fbpx
 

FORT HALL, Idaho — The United States Supreme Court on Monday rejected FMC Corporation’s final appeal to contest the jurisdiction of the Shoshone-Bannock Tribes to regulate storage of approximately 22 million tons of hazardous waste on the Fort Hall Reservation at the Eastern Michaud Superfund site west of Pocatello, Idaho.

“The Tribes are very pleased that the Supreme Court of the United States did not find any merit to FMC’s appeal and that FMC is finally required to honor their agreement to comply with Tribal jurisdiction,” Chairman Devon Boyer, of the Fort Hall Business Council said. 

By denying certiorari, the U.S. Supreme Court defers to the findings of the Shoshone-Bannock Tribal Courts and the Ninth Circuit Court of Appeals affirmation of the District Court’s findings requiring FMC to comply with tribal jurisdiction. 

In 1998, FMC voluntarily agreed to conditions of a tribal annual permit but after four years, when FMC closed business operations in 2002, they refused to honor their agreement and left their hazardous waste within the reservation. During this time the tribes created the Shoshone-Bannock Tribes’ Waste Management Act, which spelled out requirements for companies who generate or store waste on the reservation, including monitoring of sources of contamination.

The ruling is significant to Indian Country because it confirms corporations must comply with tribal regulations when doing business on tribal lands.

“This decision helps all of Indian Country in efforts to protect Tribal lands and natural resources as well as the betterment of all people of southeast Idaho. When industry enters into a voluntary relationship within tribal lands, they must comply with tribal regulations even when the EPA and/or states may have their own regulatory presence,” Chairman Boyer added.

The ruling is also a positive in tribal efforts to protect the environment.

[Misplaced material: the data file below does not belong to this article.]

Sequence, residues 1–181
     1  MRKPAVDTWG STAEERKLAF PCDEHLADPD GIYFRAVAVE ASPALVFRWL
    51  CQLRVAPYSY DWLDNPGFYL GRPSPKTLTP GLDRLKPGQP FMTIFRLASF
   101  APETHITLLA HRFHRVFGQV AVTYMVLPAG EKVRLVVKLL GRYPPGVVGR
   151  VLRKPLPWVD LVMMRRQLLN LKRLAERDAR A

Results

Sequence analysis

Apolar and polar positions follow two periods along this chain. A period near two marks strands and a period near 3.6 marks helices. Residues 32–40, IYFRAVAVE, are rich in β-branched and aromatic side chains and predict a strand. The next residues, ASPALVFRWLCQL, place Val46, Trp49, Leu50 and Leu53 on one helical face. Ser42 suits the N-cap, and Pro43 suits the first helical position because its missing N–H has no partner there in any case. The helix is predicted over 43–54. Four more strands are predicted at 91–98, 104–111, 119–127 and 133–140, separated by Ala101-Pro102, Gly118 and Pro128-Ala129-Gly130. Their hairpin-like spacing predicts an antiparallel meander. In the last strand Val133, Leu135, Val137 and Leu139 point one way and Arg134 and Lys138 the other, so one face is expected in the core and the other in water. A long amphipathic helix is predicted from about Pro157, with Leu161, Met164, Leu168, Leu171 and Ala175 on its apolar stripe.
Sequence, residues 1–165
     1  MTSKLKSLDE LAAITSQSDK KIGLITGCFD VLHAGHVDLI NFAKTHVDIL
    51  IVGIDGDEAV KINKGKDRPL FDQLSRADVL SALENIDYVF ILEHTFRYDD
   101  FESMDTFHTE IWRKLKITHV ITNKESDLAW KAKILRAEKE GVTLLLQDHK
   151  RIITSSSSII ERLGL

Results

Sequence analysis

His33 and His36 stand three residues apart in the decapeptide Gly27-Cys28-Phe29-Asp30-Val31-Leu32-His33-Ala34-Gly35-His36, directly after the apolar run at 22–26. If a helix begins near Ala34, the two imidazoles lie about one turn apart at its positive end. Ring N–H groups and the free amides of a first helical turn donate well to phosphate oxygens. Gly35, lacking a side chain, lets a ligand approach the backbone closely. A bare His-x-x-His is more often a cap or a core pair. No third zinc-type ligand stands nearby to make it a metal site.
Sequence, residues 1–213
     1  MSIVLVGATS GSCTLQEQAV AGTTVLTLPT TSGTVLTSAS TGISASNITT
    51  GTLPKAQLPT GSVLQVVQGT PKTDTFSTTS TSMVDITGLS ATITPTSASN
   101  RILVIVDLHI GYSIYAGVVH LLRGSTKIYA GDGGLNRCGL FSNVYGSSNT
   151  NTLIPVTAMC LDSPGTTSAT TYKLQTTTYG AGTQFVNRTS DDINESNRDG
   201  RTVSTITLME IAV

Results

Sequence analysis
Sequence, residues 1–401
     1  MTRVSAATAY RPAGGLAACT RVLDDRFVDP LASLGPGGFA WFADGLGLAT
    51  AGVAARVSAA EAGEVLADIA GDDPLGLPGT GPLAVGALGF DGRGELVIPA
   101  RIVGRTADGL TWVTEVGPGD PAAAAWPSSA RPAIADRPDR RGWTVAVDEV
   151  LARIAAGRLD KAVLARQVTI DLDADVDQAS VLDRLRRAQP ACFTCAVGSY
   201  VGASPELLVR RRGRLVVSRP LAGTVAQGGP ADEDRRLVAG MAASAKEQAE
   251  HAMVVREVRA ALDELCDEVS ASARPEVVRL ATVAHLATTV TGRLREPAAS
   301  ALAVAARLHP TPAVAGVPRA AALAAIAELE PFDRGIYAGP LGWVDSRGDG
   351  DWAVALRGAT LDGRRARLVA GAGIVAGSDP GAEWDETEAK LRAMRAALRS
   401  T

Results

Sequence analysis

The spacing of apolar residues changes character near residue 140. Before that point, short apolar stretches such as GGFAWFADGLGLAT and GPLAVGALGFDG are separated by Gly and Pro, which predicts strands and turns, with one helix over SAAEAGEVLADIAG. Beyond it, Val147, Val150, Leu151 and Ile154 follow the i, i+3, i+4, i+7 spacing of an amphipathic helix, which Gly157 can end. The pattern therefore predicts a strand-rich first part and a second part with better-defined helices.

“This decision furthers the Tribes’ efforts to protect the water and natural resources of the Reservation and surrounding communities. This is a victory for Mother Earth and the Tribes’ ability to protect our water and environment,” Councilman Lee Juan Tyler stated.

In 2005, the Shoshone-Bannock Tribes filed suit in the U.S. Idaho Federal District Court to force FMC to comply with its agreement to obtain the annual tribal permit. Since then, both tribal and federal courts have consistently ruled that FMC is required to comply with the voluntary agreement they entered into with the tribes. FMC has appealed every court ruling. Now, almost twenty years later, no more appeals are available to FMC. 

Council member Nathan Small acknowledged the diligent work on this case by tribal leaders and staff. “We are grateful for the leadership and teamwork completed by our prior Tribal Council members, our Land Use Policy Commissioners, Environmental Waste Management Program staff, contractors, and attorneys since 1998,” Small said. 

More Stories Like This

Native News Weekly (January 23, 2022): D.C. Briefs
NCAI's 2022 Executive Council Winter Session to be Virtual Again This Year
US Supreme Court Will Not Consider Overturning McGirt Decision; Will Rule on Scope of the Landmark Ruling
Former Gov. Bill Richardson Promotes High-tech Jobs at Navajo Technical University; Donates 200 pairs of Nike Shoes to Crownpoint Students
Navajo Nation to Utilize Drones to Deliver Critical Supplies to Community

The truth about Indian Boarding Schools

This month, we’re asking our readers to help us raise $10,000 to fund our year-long journalism initiative called “The Indian Boarding School Project: A Dark Chapter in History.”  Our mission is to shine a light on the dark era of forced assimilation of native American children by the U.S. government and churches.  You’ll be able to read stories each week and join us for Livestream events to understand what the Indian Boarding School era has meant to Native Americans — and what it still means today.

This news will be provided free for everyone to read, but it is not free to produce. That’s why we’re asking you to make a donation this month to help support our efforts.  Any contribution of any amount — big or small — gives us a better, stronger future and allows us to remain a force for change. Donate to Native News Online today and support independent Indigenous journalism. Thank you. 

About The Author
Native News Online Staff
Author: Native News Online StaffEmail: This email address is being protected from spambots. You need JavaScript enabled to view it.